Dramatic Drop in U.S. Childhood Poverty : AJN The American Journal of Nursing

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Dramatic Drop in U.S. Childhood Poverty

AJN, American Journal of Nursing 122(12):p 15, December 2022. | DOI: 10.1097/01.NAJ.0000904040.19174.9d
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Abstract

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Figure:
The official poverty measure and the Supplemental Poverty Measure (SPM) are two measures of child poverty released by the Census Bureau. The official poverty measure is based on pretax cash income, while the SPM includes noncash benefits such as housing subsidies, tax credits, and other necessary expenses. In 2020, they began to diverge as a result of the antipoverty programs established or expanded due to COVID-19, such as the stimulus payments and the Child Tax Credit. Official∗ includes unrelated individuals under age 15. Image courtesy of the U.S. Census Bureau.

The United States has seen an unprecedented decline in childhood poverty since 1993 when more than one in four children lived in households with incomes below the federal Supplemental Poverty Measure threshold. In 2019, that number dropped to just over one in 10 children, or 11.4%, according to a report by the Early Childhood Data Collaborative.

The social safety net, comprising programs such as Medicaid and the Children's Health Insurance Program, the Supplemental Nutrition Assistance Program, and the Earned Income Tax Credit, accounts for most of the improvement. About a third of the decline in childhood poverty is attributed to lower unemployment rates, more single mothers in the work force, and state action to increase the minimum wage.

The combination of safety net programs and economic improvements for working parents has benefited children in several ways. Children living in poverty often suffer from a lack of nutritious food, health care, adequate clothing, and stable housing, all of which can lead to preventable health and developmental problems. The longer children live in deprived conditions, the less likely they are to achieve school success, emotional stability, health over their lifetimes, and economic self-sufficiency.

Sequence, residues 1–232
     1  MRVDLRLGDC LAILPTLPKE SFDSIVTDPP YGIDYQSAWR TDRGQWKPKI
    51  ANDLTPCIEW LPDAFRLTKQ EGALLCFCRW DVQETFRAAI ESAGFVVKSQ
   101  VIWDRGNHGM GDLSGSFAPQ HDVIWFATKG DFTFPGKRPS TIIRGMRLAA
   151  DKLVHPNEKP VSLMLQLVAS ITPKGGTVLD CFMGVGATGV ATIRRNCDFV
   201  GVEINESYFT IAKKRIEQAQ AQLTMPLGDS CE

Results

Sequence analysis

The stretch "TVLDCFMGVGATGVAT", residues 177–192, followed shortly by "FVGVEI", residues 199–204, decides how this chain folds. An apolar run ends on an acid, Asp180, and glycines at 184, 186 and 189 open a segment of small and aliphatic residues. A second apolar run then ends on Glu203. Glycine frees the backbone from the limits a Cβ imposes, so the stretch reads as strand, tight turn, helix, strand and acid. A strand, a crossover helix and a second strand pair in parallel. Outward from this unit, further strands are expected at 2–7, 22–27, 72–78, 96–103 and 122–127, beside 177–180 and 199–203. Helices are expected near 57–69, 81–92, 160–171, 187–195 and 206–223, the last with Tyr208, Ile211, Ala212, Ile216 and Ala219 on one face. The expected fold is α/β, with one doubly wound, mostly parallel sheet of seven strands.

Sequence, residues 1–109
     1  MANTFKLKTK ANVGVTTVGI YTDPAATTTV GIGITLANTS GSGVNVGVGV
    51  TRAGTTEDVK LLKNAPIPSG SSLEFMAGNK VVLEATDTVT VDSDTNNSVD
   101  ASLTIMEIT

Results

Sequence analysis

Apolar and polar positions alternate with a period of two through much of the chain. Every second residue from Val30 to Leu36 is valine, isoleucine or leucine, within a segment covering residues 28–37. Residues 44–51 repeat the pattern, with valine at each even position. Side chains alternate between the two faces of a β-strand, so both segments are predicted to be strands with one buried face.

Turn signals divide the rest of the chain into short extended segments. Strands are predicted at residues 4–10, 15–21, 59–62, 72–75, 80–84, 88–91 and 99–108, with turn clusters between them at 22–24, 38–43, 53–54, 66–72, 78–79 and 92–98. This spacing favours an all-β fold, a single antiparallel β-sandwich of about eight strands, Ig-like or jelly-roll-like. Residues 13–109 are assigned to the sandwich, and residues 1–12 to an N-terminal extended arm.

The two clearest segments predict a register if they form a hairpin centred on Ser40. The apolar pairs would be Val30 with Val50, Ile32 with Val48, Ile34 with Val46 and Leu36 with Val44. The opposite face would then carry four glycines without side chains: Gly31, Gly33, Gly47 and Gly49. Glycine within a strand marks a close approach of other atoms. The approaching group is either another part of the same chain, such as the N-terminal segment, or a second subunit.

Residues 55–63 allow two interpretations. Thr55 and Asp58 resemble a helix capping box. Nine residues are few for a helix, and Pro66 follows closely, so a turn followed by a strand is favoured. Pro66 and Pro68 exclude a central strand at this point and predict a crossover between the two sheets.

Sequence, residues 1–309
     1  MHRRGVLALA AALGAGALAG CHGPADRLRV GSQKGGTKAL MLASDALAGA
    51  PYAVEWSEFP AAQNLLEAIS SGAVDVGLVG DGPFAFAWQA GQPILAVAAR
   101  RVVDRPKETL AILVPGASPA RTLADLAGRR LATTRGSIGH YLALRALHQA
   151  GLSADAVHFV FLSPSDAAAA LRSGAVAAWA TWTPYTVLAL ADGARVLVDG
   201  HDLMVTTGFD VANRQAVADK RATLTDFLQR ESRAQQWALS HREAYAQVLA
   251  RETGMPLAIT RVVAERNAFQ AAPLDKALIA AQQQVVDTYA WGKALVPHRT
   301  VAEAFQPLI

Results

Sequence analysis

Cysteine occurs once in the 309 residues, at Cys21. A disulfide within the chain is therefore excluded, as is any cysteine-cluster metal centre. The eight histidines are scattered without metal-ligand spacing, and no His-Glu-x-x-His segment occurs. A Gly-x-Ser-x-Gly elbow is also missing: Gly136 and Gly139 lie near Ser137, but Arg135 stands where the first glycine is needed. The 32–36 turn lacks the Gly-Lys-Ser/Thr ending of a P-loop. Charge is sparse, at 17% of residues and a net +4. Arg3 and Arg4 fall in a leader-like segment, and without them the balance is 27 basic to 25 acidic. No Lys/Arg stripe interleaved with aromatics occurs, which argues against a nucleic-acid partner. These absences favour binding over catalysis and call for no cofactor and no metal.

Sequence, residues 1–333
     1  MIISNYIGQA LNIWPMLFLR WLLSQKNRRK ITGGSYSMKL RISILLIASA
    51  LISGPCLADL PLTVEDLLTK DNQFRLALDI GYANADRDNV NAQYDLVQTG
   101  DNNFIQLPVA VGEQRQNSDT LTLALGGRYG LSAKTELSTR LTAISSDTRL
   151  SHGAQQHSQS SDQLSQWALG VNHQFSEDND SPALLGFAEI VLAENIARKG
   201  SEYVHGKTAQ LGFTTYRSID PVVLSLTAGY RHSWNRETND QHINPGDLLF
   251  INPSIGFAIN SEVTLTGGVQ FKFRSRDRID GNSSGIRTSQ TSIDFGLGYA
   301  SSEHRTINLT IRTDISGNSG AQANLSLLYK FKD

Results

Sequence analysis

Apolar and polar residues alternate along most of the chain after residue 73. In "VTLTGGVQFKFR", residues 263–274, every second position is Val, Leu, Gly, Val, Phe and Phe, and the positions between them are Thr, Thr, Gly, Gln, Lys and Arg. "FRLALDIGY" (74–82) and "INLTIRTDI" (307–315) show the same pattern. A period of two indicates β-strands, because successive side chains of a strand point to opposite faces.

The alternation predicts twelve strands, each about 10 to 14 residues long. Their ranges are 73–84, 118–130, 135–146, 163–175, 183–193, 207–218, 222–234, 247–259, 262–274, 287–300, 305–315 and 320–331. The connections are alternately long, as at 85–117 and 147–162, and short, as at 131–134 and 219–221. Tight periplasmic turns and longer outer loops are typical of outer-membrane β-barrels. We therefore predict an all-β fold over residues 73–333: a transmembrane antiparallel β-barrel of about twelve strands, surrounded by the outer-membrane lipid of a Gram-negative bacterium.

The decline in childhood poverty was spread relatively evenly across population groups, the report's authors found. As a result, existing disparities persist in the well-being of children from minority racial and ethnic groups and in the children of immigrants. Some evidence suggests that the social safety net has done a better job protecting Black and White children from the harms of poverty than it has Hispanic and Asian/Hawaiian/ Pacific Islander children. Children benefited most when the adults in their families had stable employment. Children whose parents are unemployed have a much harder time escaping poverty.

To continue the progress in alleviating childhood poverty, the authors recommend policy initiatives that focus on children's needs rather than on parental characteristics. One example is the 2021 Child Tax Credit program, which is based on a child's citizenship status rather than on that of the parents, thereby making all poor families eligible for monthly per child stipends. They also recommend simplifying application and eligibility requirements for safety net programs so families can more easily access benefits. Also key are measures to ensure stable and viable employment for parents—especially women—through increases in the minimum wage and access to affordable child care. Noting that a dramatic drop in the teen birth rate over the last two decades has significantly contributed to reductions in childhood poverty, the authors urge continued public investment in teen pregnancy prevention programs as well as measures to ensure access to contraception and abortion services.

Read the full report at www.childtrends.org/publications/lessons-from-a-historic-decline-in-child-poverty.—Gail M. Pfeifer, MA, RN

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